"From now on you'll be history!"
So says the Munchkin Mayor to Judy Garland's Dorothy. Foreshadowing? In my opinion that would be an understatement!
"Someplace where there isn't any trouble? Do you suppose there is such a place, Toto? There must be. It's not a place you can get to by a boat or a train; it's far, far away, behind the moon, beyond the rain...."
Those are the lines that lead into the song that has become synonymous with the then-16-year-old Judy Garland. They are the very words that helped catapult her into a life and career that surpassed mere celebrity into that rare (and nonexistent these days) realm of "legend."
When I was a young gay boy (in the making), The Wizard of Oz was my introduction to La Garland. That special night somewhere around Easter time (and, coincidentally, my fifth birthday), when my godmother sat me down in front of the TV set, was one of those rare and wonderful childhood moments that never leave you. Many people have similar stories. It is perhaps why I have always been opposed to the marathon showings of the film that have become a normal part of TV programming in the last 10 years. When I was growing up in the '80s and '90s, The Wizard of Oz was always an event -- and now, at 75, it still is!
For most films, hitting a 50th or 60th anniversary would receive little to no hoopla. However, where The Wizard of Oz is concerned, well, as the Wicked Witch of the West says with devilish glee, "Why, my little party's just beginning!" Seventy-five years after its initial release, MGM's 1939 film has been given another makeover, another re-release: For just one week audiences have been able to experience the marvelous land of Oz in 3D! (Actually, the re-release has been extended for several weeks in a few markets across the United States, albeit not in 3D.) Yes, the men and women at Oz's Wash & Brush Up Co. have been working twice as hard to polish up what is in all probability the most beloved and most watched film ever made. Warner Bros. crafted all of this in time for the Blu-ray release on Oct. 1, 2013, a limited edition of 220,000 boxed sets.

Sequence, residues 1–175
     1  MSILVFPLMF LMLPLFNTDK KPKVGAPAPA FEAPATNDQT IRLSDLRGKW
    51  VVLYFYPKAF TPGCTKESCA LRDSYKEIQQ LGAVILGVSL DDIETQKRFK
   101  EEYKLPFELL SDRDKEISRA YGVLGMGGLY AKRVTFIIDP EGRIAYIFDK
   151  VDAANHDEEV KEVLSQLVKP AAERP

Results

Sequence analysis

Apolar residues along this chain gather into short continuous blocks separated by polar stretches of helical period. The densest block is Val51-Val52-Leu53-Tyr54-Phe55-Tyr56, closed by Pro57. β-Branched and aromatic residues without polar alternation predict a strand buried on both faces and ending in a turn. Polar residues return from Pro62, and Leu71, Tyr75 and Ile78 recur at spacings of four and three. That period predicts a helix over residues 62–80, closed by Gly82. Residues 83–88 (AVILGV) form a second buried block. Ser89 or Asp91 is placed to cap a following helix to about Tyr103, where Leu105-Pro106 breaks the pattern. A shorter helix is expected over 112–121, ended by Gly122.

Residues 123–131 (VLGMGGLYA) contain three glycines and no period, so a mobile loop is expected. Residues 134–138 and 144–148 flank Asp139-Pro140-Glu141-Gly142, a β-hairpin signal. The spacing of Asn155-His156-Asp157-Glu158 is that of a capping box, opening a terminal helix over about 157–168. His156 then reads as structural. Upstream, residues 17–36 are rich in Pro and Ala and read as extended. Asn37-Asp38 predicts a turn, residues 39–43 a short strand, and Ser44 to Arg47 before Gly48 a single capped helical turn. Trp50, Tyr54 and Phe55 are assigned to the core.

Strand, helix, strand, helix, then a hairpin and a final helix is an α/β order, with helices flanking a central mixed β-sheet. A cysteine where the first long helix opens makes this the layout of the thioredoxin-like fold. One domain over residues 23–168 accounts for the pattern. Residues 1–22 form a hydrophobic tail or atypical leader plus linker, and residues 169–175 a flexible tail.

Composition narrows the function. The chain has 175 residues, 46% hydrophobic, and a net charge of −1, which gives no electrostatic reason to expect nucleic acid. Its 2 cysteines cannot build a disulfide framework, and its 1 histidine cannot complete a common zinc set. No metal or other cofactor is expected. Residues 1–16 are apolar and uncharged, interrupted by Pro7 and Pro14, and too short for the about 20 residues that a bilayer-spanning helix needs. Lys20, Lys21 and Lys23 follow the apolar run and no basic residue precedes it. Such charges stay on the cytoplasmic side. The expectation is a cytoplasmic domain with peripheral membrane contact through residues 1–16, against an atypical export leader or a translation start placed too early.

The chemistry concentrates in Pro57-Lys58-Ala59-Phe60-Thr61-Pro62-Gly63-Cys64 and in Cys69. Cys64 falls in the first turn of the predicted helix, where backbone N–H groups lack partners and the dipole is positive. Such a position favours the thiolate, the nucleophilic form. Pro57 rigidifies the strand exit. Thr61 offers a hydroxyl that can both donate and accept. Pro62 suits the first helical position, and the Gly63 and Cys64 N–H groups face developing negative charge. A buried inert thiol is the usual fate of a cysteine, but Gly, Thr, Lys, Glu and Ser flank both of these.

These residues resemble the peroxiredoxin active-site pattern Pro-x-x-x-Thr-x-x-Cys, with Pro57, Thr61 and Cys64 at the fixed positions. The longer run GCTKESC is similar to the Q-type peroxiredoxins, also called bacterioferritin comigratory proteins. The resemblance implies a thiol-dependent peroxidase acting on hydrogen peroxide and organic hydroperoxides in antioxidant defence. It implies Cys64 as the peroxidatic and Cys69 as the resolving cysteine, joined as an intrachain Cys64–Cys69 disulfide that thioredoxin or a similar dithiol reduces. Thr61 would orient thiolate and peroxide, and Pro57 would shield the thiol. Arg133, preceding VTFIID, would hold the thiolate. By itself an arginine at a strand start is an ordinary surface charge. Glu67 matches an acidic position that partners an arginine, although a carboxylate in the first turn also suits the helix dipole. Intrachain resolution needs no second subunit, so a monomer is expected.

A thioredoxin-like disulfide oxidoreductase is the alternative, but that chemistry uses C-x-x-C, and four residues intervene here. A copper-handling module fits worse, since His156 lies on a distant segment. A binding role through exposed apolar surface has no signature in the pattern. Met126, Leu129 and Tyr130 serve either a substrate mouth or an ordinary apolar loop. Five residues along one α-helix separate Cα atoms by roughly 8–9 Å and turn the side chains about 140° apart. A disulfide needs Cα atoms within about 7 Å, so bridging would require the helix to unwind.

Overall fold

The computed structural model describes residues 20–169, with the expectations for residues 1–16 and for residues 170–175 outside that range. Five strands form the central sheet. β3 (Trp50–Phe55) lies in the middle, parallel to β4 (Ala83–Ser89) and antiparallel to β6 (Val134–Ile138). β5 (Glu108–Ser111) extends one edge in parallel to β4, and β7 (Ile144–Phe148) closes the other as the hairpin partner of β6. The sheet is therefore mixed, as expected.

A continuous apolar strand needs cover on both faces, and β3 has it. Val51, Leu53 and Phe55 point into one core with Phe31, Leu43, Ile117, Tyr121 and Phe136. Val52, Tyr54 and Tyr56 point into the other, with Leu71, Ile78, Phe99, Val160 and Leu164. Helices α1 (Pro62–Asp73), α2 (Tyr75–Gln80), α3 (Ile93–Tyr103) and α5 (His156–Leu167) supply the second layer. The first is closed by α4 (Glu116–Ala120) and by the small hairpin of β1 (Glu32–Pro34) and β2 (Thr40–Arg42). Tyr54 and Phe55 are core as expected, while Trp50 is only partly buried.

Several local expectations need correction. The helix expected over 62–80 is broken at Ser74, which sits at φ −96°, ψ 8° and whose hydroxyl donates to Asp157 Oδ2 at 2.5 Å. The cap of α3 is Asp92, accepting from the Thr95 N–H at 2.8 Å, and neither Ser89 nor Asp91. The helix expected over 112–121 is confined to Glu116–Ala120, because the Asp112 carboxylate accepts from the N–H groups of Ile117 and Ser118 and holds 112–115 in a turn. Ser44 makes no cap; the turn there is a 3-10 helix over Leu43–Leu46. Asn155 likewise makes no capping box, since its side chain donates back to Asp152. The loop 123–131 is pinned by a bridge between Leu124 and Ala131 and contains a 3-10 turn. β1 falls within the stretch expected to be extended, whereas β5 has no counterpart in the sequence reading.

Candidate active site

It would seem that Oz fans are split down the middle when it comes to a 3D rendition of the beloved film. Most cling strongly to the old adage, "If it ain't broke, don't fix it!" It raises the question: Does The Wizard of Oz, a film that has been captivating moviegoers for 75 years, really need a 3D makeover? Many believe that the restoration was just a gimmick to milk more money out of the film's loyal fans and audiences, and sure enough, they have spent hundreds of dollars over the years on various VHS and DVD box sets, all boasting a new and improved land of Oz for your viewing pleasure.
Well, here's my personal experience. My husband and I attended a 3D screening of the film a short time ago, and as always, it did not disappoint. It was admittedly sparsely attended for a 9:30 p.m. showing; notably, not as many families were present as I had expected. There were several teenagers, but the majority of the audience consisted of gay and straight couples ranging in age from their 20s to their 50s. My one fear was that this 3D makeover would somehow undermine that innocence of a Hollywood gone by, but that was not our experience. The 3D effects work very well, especially in the high-action moments. The tornado that picks up Dorothy's Kansas farmhouse seems to spin out of the screen! The deadly poppy field almost blossoms before your eyes. Those winged monkeys swooping through the haunted forest do feel as though they are about to enter the theater. Margaret Hamilton's terrifying Wicked Witch of the West is even wickeder. The standout benefit of the 3D version, for me, was that it made me appreciate even more the lovable comic performance of Bert Lahr, though another favorite moment (I have several) is when Dorothy walks toward the camera before her big song; it seems as though you could reach out and touch her, but of course, this was the case before the 3D effects were added.